Sanctions as a Tool to Protect Human Rights at Sea

Press Release

29 August 2020

London. UK. Human Rights at Sea, in concert with the international law firm HFW LLP, today issues a new Insight Briefing Note concerning the July release by the UK Government of the Global Human Rights Sanctions Regulations 2020.

These measures follow similar steps taken by the US’s Global Magnitsky Sanctions Regime and are an important step, as they empower the UK Government to place sanctions on those who have violated an individual’s:

• Right to life,

• Right not to be subjected to torture or cruel, inhuman or degrading treatment or punishment, or

• Right to be free from slavery, not to be held in servitude or required to perform forced or compulsory labour.


Those who are determined to have committed these human rights offences will have their assets in the UK frozen, they will be barred from entering the UK and UK persons will be unable to deal with their assets located outside the UK. This effectively excludes the sanctioned person from the UK’s financial system, which in the maritime space is a considerable penalty due to the UK’s key role in this sector.

As the offences which trigger designation can be committed by an individual (not just by state officials) anywhere in the world, the Regulations have the potential to be used to target persons committing human rights abuses against seafarers at sea.

Whether the Regulations will in fact be used in this way by the UK Government in the event that there is evidence of human rights abuses will in turn depend on the views of UK policy makers regarding human rights violations which take place at sea.

Violations of human rights at sea have been well documented by organisations such as Human Rights at Sea (HRAS). These include transgressions against each of the three fundamental rights included in the Regulations as criteria for designation. For example, the lack of onboard safety and sanitation facilities, confined and restricted living spaces, abusive work conditions, excessive and often unremunerated overtime, illegal deductions of salary at source and violence towards crew are widespread practices in some sectors of the maritime industry.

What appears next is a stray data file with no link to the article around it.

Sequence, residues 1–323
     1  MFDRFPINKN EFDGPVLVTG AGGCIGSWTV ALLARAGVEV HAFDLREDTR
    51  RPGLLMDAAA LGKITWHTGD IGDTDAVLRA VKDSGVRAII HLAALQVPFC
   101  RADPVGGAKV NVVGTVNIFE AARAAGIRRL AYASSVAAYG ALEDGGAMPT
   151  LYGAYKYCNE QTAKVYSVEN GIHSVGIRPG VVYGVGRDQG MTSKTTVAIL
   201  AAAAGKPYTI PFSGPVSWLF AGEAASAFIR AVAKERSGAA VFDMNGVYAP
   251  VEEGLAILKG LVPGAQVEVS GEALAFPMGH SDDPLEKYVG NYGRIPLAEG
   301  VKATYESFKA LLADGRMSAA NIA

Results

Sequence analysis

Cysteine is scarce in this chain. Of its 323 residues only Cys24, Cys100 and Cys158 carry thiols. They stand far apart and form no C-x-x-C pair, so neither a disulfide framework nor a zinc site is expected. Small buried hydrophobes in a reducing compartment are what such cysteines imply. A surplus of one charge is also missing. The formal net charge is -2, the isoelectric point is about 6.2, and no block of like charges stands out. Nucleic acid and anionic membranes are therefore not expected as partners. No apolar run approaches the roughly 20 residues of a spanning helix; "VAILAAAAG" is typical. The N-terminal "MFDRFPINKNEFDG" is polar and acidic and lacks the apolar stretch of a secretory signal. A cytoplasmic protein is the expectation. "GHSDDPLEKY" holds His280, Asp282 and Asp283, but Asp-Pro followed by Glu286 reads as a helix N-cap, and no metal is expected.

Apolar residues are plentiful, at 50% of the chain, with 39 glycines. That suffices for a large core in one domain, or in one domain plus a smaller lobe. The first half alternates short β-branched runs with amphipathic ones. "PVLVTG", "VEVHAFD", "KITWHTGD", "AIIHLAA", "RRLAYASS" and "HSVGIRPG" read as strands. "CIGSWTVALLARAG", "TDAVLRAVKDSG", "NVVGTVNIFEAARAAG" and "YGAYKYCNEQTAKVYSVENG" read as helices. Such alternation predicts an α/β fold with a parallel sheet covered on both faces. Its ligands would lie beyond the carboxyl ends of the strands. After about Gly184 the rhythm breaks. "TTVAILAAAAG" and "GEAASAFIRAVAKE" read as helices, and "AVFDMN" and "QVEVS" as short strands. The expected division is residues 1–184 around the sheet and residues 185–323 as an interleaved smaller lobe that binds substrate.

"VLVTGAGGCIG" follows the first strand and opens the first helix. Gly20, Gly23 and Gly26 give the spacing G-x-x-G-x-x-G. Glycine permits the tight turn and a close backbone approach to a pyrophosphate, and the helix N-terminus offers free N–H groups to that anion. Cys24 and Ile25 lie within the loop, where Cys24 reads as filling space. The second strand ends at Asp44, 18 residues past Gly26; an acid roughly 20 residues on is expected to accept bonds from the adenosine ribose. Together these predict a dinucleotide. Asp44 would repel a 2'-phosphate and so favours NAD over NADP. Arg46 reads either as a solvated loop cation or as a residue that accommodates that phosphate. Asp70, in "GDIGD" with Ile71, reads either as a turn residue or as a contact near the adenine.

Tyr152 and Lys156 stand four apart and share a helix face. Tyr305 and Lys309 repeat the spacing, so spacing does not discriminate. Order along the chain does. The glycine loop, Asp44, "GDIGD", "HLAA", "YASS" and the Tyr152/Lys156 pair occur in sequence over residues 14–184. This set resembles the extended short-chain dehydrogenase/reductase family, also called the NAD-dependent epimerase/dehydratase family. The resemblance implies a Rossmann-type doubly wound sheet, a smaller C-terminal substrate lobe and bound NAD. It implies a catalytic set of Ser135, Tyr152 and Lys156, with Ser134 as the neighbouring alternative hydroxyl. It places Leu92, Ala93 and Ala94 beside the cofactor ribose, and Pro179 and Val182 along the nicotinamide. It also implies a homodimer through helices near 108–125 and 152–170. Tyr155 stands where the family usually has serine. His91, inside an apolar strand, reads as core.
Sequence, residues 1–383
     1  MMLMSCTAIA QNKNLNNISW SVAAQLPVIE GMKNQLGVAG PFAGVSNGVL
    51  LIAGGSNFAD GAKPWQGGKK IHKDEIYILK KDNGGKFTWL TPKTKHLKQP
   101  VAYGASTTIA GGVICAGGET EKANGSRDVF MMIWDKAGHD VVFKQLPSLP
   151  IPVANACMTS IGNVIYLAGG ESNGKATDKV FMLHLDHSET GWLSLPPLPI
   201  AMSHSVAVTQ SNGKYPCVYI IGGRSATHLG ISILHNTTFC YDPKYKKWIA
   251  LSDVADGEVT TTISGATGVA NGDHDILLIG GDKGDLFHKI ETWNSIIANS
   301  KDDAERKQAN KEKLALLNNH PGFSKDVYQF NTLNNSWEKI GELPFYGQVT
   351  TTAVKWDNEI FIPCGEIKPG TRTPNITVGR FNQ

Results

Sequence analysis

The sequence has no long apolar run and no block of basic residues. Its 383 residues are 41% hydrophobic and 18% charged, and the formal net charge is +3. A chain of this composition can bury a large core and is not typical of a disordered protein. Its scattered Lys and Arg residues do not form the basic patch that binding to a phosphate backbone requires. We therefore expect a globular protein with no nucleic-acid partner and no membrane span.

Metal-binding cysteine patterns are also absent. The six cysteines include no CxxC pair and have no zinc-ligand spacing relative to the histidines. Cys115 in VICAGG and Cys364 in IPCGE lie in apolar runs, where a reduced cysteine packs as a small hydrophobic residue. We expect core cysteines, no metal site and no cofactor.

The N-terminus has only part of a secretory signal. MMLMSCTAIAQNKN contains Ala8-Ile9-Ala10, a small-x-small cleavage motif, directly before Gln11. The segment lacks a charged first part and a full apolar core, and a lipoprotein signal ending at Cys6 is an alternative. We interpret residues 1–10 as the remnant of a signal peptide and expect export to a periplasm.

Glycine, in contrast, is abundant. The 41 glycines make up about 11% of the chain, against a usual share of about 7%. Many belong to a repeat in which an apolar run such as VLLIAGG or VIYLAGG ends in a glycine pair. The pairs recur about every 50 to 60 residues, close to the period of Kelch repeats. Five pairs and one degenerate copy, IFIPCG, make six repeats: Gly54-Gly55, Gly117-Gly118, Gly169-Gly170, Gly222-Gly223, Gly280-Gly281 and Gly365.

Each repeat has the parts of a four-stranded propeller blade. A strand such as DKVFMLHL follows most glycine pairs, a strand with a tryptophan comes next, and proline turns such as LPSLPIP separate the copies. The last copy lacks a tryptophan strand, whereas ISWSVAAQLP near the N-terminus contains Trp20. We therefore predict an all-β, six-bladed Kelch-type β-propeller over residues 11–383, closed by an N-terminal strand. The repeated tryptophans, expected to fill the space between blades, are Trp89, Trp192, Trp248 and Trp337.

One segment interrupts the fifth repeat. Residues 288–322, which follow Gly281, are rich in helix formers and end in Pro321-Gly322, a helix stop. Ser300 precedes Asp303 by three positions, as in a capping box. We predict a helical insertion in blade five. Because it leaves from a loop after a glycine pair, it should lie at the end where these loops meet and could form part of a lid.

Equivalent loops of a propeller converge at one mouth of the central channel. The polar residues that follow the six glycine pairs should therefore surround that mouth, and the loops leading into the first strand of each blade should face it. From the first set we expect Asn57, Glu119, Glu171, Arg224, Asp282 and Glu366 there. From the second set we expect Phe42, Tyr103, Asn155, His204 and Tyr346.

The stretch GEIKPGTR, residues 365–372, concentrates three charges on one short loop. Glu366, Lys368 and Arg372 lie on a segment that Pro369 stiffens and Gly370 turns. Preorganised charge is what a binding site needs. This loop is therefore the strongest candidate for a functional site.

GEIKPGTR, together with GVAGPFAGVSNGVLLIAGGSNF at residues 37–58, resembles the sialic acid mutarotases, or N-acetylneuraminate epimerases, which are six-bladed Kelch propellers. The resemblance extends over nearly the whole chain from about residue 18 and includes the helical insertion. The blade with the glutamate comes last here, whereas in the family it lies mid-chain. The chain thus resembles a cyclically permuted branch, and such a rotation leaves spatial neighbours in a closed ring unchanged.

HRAS and others have highlighted the levying of excessive recruitment and related costs on seafarers as a commonplace practice which can often lead to debt bondage, extortion and threats made to the physical safety of a seafarer’s family by unscrupulous and unregulated money lenders.

Cases of human rights abuses seldom come before the Courts, for obvious reasons, but there are cases, such as Medvedyev and others v. France and Rigopoulos v. Spain where crew members on vessels which were arrested on the high seas have argued that their human rights have been violated because they were not brought promptly before a judge following their initial detention.

Given the focus of the UK regulations on particular rights, human rights abuses at sea could meet the legal threshold for the UK to take action against the perpetrators.